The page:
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Trees, a Pioneer Legacy

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Title Saga of the Sanpitch Vol 30
Subject Pioneers
Description Stories and poems about early Southern Utah Pioneers
Publisher Snow College
Date 1998
Type Text
Format image/jpeg
Language eng
Rights Management Snow College
Holding Institution Snow College
ARK ark:/87278/s6vh5m0s
Setname snowc_sts
Date Created 2005-03-01
Date Modified 2005-03-01
ID 326508
Reference URL https://collections.lib.utah.edu/ark:/87278/s6vh5m0s

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Title Trees, a Pioneer Legacy
Description bushes Often fruit was produced in such abundance that, after canning and drying enough for family needs when winter winds howled around their home, she could supplement the family income by selling or trading some of their yield. All this didn't just happen. Grandma, through perseverance and hard work, painfully coaxed her trees and bushes to grow. When her day's labors were 6nished, she carried water in buckets--from a stream two blocks away-to the young plants, as irrigation turns only came every eighteen days. Never was a drop of water wasted; her dish- and wash-water was also carried to the thirsty trees. She poured soapy water over the leaves to control insect populations. This was her home, her trees must live. After Grandma moved from the farm into a small house at the corner of First West and Second North, she again had a large lot on which she grew blue plums, greengages, apricots, apples, and peaches-along with gooseberries, currants, and raspberries. She had a vegetable garden, much larger than neccessary for her own meager needs, the bounty she shared with family and friends. Her son-in-law was fond of horseradish, which she willingly prepared for him. Grandma loved beauty. At both homes she planted and nurtured beautiful arrays of flowers-among them daffodils, dahlias, canna lilies, glads, cosmos, golden glow and goldenrod. In her in-town lawn grew tiny wild daisies. There she also had pine trees and catalpas- and her fruit trees. She never lost her zest for raising fruits and vegetables, for growing gardens-both vegetable and flowers. She savored the beauty and the plenty they provided. When the pioneers, again under the auspices of Brigham Young, experimented with raising silk worms throughout the state of Utah, Mt. Pleasant was chosen as one of the sites for the project. I remember going to and from school, often crossing to the north side of Main Street so I could munch on a few mulberries picked 47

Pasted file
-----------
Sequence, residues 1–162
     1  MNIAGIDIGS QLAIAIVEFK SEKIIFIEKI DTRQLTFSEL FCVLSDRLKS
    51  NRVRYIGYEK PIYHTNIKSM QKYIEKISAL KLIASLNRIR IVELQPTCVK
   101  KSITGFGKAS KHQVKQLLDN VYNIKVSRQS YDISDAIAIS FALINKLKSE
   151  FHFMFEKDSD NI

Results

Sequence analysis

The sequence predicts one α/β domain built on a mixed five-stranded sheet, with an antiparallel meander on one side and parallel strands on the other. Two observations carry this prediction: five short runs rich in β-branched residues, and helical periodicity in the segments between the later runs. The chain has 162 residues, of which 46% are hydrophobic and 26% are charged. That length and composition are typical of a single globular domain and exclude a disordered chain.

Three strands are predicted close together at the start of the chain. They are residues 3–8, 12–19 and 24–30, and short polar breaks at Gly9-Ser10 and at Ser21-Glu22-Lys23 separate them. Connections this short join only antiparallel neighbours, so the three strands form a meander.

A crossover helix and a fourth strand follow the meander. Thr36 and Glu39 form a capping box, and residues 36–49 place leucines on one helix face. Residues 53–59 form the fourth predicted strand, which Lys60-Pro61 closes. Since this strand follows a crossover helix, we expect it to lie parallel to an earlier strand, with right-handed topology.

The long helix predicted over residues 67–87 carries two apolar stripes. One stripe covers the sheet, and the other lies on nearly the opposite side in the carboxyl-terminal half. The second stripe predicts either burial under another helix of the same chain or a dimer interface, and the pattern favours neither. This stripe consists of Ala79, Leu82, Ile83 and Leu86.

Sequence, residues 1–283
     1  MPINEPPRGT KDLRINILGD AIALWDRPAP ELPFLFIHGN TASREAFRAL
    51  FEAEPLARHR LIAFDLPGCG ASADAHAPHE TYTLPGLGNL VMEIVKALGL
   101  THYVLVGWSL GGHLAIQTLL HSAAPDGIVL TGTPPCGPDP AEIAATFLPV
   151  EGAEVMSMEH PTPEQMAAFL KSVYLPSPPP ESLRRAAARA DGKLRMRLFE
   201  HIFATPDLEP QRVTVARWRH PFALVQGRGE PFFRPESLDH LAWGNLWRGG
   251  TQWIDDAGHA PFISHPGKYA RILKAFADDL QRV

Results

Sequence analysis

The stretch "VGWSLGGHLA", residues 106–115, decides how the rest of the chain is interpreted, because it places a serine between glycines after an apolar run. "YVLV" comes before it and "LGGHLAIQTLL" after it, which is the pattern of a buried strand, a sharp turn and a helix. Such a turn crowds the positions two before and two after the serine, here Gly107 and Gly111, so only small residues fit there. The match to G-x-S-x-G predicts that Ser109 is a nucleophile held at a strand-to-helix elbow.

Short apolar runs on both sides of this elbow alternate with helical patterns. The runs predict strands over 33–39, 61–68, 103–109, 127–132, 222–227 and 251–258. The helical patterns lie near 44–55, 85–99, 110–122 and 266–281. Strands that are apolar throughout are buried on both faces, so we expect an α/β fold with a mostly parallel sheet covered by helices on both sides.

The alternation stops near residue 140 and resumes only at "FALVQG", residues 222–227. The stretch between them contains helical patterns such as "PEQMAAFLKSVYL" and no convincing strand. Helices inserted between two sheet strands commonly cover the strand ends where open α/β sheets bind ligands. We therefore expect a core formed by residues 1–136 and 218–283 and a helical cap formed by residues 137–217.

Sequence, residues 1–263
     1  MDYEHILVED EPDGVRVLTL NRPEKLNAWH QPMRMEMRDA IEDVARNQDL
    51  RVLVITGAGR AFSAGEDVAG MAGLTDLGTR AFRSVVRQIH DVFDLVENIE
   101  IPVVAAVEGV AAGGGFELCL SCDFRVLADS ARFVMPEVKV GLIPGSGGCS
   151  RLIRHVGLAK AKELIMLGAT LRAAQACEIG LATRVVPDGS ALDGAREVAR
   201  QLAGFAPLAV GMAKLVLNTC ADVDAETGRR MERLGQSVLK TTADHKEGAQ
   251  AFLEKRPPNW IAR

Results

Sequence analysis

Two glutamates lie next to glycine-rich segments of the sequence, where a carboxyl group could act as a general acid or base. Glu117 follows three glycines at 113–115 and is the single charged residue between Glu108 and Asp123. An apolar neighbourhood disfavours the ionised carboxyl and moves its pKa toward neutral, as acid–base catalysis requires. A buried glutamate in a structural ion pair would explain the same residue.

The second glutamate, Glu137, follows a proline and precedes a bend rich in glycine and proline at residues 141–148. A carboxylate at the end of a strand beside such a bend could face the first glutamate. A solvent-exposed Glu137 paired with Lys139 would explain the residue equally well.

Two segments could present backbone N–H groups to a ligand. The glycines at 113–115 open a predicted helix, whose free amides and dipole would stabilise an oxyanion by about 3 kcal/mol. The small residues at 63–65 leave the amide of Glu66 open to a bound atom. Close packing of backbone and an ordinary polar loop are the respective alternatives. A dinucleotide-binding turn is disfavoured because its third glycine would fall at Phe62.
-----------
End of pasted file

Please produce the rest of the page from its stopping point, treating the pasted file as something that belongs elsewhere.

Format image/jpeg
Identifier 057_Trees, a Pioneer Legacy.jpg
Source Saga of the Sanpitch Vol 30
Setname snowc_sts
Date Created 2005-02-23
Date Modified 2005-02-23
ID 326499
Reference URL https://collections.lib.utah.edu/ark:/87278/s6vh5m0s/326499